GERD (Gastroesophageal Reflux Disease)

What is GERD?
GERD is a recurrent condition where gastric juices, containing acid, travel back from the stomach into the gullet (the swallowing pipe called the oesophagus).

  • The food in the stomach is partially digested by stomach acid and enzymes (special chemicals that act on food to break it down to simpler material that the body can use).  
  • Normally, the partially digested acidic content in the stomach is delivered by the stomach muscle into the small intestine for further digestion.  
  • In patients with GERD, stomach acid content regularly refluxes backwards into the oesophagus, causing inflammation and damage.

How do you get GERD?
Doctors know that in western countries, 40% of adults suffer from heartburn, the main symptom of GERD, and half of these also have oesophagitis.

  • In most people, GERD is caused by the digestive juices in the stomach, repeatedly moving upwards into the lower oesophagus (called acid reflux).  
  • The condition may be due to an abnormal mechanical working of the oesophagus (where it enters the stomach) since it can normally squeeze itself together to act as a shut-off valve, or tap, to keep stomach contents out.  
  • Sometimes, GERD is due to too much acid being produced by the stomach.  
  • It can occur in some people when the stomach does not empty quickly enough and becomes overfilled with digestion contents.

How serious is GERD?
In some patients, the damage to the oesophagus can be seen during an endoscopic examination. This involves a doctor feeding a tube with a special camera down the patient’s throat into the oesophagus. However, even when damage cannot be seen, patients can experience severe symptoms.

  • Heartburn is the most common symptom of GERD, which is a burning feeling rising from the stomach or lower chest up towards the neck.  
  • Other symptoms include regurgitation (food may come up into the mouth), chest pain, a difficulty in swallowing (a condition called dysphagia), hoarseness and asthma.  
  • If untreated, severe heartburn can reduce quality of life for sufferers. In severe cases of oesophagitis, the lining of the oesophagus may become ulcerated, leading to pain and possible narrowing due to scarring (making the swallowing of food and sometimes even liquids difficult).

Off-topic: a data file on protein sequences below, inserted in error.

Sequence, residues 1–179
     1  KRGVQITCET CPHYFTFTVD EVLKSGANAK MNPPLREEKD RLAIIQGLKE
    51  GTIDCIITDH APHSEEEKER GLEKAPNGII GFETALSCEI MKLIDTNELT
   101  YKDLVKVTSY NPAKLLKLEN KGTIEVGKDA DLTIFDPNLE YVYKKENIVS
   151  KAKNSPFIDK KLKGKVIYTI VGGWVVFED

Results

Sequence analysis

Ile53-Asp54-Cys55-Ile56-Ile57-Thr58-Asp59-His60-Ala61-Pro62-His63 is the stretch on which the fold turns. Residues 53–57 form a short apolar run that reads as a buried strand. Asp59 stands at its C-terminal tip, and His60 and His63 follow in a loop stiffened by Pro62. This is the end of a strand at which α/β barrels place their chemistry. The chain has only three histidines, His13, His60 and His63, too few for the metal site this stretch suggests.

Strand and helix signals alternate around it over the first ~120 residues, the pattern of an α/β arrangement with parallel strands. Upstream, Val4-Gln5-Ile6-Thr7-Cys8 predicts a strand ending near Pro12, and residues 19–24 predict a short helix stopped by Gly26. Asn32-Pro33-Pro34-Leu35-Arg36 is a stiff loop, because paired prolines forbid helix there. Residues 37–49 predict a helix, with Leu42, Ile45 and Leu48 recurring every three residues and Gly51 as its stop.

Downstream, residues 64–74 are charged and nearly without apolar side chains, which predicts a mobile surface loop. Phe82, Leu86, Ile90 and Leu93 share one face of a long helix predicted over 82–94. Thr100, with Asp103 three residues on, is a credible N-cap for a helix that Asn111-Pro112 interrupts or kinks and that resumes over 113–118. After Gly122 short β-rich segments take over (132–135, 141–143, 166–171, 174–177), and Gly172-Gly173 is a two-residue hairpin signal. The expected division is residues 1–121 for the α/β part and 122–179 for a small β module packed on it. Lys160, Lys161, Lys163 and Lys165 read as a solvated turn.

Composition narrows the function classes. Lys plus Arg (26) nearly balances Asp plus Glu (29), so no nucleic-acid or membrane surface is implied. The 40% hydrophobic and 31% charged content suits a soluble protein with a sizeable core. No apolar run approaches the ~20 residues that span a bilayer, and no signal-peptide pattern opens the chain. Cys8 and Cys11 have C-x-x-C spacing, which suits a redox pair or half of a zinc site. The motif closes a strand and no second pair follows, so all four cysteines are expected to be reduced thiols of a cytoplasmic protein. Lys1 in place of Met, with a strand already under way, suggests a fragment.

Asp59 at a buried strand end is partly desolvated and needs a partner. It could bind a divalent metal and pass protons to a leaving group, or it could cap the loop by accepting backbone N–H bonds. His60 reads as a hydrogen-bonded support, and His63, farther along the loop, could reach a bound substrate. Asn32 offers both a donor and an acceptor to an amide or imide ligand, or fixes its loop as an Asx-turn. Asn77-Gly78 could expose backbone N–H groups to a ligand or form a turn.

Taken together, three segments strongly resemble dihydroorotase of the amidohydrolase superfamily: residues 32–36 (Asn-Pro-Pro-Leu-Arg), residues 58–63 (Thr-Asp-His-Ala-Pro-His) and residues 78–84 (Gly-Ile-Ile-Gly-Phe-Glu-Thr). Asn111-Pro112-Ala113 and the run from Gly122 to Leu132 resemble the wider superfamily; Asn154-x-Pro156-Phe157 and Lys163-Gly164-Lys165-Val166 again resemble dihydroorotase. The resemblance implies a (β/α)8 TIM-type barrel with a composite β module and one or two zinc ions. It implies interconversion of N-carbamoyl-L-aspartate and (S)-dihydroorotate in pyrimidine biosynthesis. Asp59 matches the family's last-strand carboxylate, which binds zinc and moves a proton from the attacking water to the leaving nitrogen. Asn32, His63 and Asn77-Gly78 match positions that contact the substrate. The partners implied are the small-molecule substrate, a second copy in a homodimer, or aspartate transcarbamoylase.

• In people with oesophagitis, there may be an increased risk of cancer of the oesophagus.  
  • Stomach acid also plays a significant role in the development of peptic ulcers that can result in serious complications like bleeding and perforation of the stomach wall.

How long does GERD last?
The symptoms of GERD are frequent and may last several weeks, months or longer if left untreated. They can also re-occur after treatment.

How is GERD treated?
Medications commonly used in the treatment of GERD include:

Proton pump inhibitors — A variety of proton pump inhibitors are available by prescription, including omeprazole (Prilosec), esomeprazole (Nexium), lansoprazole (Prevacid), pantoprazole (Protonix), and rabeprazole (Aciphex).
  • Acid suppressants, such as histamine H2-antagonists (blockers). Histamine is a chemical released in the body under many different conditions. In the stomach it can release more acid, so blocking histamine’s action reduces acid production.  
  • Proton-pump inhibitors also work on the cells in the stomach wall, which make acid, to reduce the amount of acid produced and released into the stomach chamber.  
  • Other medicines (called pro-kinetic agents) increase the movement of the stomach. They work by increasing the pressure of the lower oesophageal sphincter (the point where the oesophagus joins the stomach) and promote emptying of the stomach.  
  • Antacids are medicines that are commonly used to treat acid-related symptoms, like heartburn or indigestion, and work by neutralising acid in the stomach. However, they are not usually recommended to treat the frequent heartburn suffered by people with GERD.

Johns Hopkins patient information

Last revised:

Diseases and Conditions Center

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